Lessons (re)learned

I’ve spent the bulk of my time over the last (more than I care to tally) years taking care of various generations of my family, which has involved a lot of interfacing with medical, educational, financial, insurance, religious, and other institutions. Since mid-December, I’ve been mired in dealing with issues around Paco’s health and his move from his independent living apartment into the assisted living unit of his senior community via a hospital stay and a stint in the rehab/skilled nursing unit. There has been an avalanche of problems with medical and caregiving issues, as well as the seemingly more mundane issues of changing addresses, getting mail forwarded, etc.

The intensity of it all has reminded me of lessons I once knew about dealing with institutions, but had managed to forget until they were in front of me, again and often. A caveat on the following list: some institutions or, perhaps more precisely, some individuals within the institution do manage to react both competently and compassionately to individuals in difficult circumstances, but this is more the exception than the rule in my experience.

  1. Institutions are set up to deal with things that fit a certain pattern. If your situation is different in some way, they don’t adjust well – or at all.
  2. Institutions care more about their rules, dogmas, and self-perpetuation than they do about you. This holds true, sadly, even for medical, caregiving, and religious institutions.
  3. Institutions are slow to react to changing circumstances. An example: insisting that you have a special form notarized in order to process an address change, even though you are already sending them a durable power of attorney and a death certificate proving that you have legal authority to do so, when, during a pandemic, this adds personal risk to their client and the notary.
  4. When an employee of the institution makes a mistake, the person can follow those instructions to the letter, but the consequences of the mistake will redound to the person or their loved one. The institution will not make allowances for their employee’s mistake and make things right, even though you were acting in good faith and doing what you were told to do.
  5. Lots of balls get dropped. You can been assured that thing X will take place tomorrow, only to find out the next week that it hasn’t – and that no one remembers that it was supposed to have taken place.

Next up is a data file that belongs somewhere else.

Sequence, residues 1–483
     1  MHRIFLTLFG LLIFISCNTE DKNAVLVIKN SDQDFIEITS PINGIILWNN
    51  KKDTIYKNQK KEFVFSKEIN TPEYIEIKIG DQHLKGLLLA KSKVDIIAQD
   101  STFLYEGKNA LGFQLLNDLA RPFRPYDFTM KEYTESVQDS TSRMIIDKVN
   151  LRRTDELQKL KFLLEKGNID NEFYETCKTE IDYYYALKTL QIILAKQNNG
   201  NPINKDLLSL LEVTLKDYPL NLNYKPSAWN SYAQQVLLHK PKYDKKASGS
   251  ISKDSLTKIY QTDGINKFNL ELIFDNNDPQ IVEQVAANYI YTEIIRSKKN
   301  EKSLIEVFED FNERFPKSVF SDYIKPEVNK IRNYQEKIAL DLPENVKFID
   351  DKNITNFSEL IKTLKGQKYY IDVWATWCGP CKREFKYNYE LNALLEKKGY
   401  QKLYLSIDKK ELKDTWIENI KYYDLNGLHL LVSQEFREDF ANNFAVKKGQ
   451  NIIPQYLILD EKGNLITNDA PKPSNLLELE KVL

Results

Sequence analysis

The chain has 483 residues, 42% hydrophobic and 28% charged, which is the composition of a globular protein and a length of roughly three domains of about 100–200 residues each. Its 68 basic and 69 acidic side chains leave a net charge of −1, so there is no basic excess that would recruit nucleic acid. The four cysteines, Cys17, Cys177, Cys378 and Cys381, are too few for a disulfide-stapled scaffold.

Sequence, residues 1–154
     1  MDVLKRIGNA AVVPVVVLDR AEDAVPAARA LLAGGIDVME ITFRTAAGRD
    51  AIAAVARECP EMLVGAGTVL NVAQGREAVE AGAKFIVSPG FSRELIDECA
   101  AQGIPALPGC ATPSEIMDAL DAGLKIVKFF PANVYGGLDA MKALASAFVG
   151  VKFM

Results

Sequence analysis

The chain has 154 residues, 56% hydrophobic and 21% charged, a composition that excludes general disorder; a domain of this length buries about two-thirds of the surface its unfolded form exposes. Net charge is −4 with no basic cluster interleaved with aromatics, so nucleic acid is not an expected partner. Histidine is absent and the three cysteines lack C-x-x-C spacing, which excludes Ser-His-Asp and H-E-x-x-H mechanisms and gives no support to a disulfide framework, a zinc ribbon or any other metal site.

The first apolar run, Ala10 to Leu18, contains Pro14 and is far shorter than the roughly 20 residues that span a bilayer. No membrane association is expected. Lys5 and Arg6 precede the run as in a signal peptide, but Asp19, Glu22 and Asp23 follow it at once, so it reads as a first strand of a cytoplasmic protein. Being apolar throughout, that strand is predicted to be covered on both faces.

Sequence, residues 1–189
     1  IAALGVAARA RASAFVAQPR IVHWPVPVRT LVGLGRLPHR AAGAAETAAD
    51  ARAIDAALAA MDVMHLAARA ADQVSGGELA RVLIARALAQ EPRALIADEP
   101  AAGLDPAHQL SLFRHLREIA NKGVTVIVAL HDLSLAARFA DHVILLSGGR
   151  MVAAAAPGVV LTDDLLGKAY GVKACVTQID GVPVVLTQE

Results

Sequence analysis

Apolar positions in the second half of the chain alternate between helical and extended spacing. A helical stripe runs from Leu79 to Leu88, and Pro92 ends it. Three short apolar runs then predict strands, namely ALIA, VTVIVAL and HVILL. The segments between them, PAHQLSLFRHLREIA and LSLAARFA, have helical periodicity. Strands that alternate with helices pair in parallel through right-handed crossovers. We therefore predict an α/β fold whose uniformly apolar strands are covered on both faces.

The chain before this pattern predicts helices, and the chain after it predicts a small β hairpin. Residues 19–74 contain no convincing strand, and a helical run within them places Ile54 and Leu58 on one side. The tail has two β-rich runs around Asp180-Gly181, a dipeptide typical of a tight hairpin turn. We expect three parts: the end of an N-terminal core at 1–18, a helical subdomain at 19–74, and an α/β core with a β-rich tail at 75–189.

6. It’s very difficult to get accurate information through when it needs to be relayed through multiple people. I can’t tell you how many times the answer to my question has no bearing on the question I actually asked.
  7. People hear what they want to rather than what you actually say. This is a corollary of point 1.
  8. Institutions don’t want to accept responsibility for their decisions, policies, and errors. They will blame you or the computer or something other than themselves. In New York State, they often blame Governor Cuomo.
  9. Institutions are defensive. A neutral re-telling of facts can be taken by an official as an accusation. This is a corollary of point 7.
  10. Institutions think they know more than you do. Sometimes, this is true. However, it is not true that they can understand someone as well after fifteen minutes of interaction as you do after knowing the person for years/decades.
  11. Having to do everything at a distance makes it harder. While some things are best handled electronically or in writing, others are easiest to take care of in person. One particularly gut-wrenching aspect of our current situation is that we can’t see Paco in person, so we can’t keep on top of what parts of his care plan aren’t being consistently followed. When I do see him and see that he hasn’t shaved for several days, it’s very disconcerting, knowing that someone is supposed to be helping him with that daily and that he isn’t able to articulate that to me or the staff himself. See points 4,5, 8, and 9.

I wish I could say that my relearned lessons made things easier or less upsetting, but they haven’t. I’m tired and frustrated and dreading the next set of problems/tasks awaiting me this week added to the unresolved things from last week.

Wish me luck.

I need it.

Author: Joanne Corey

Please come visit my eclectic blog, Top of JC's Mind. You can never be sure what you'll find!

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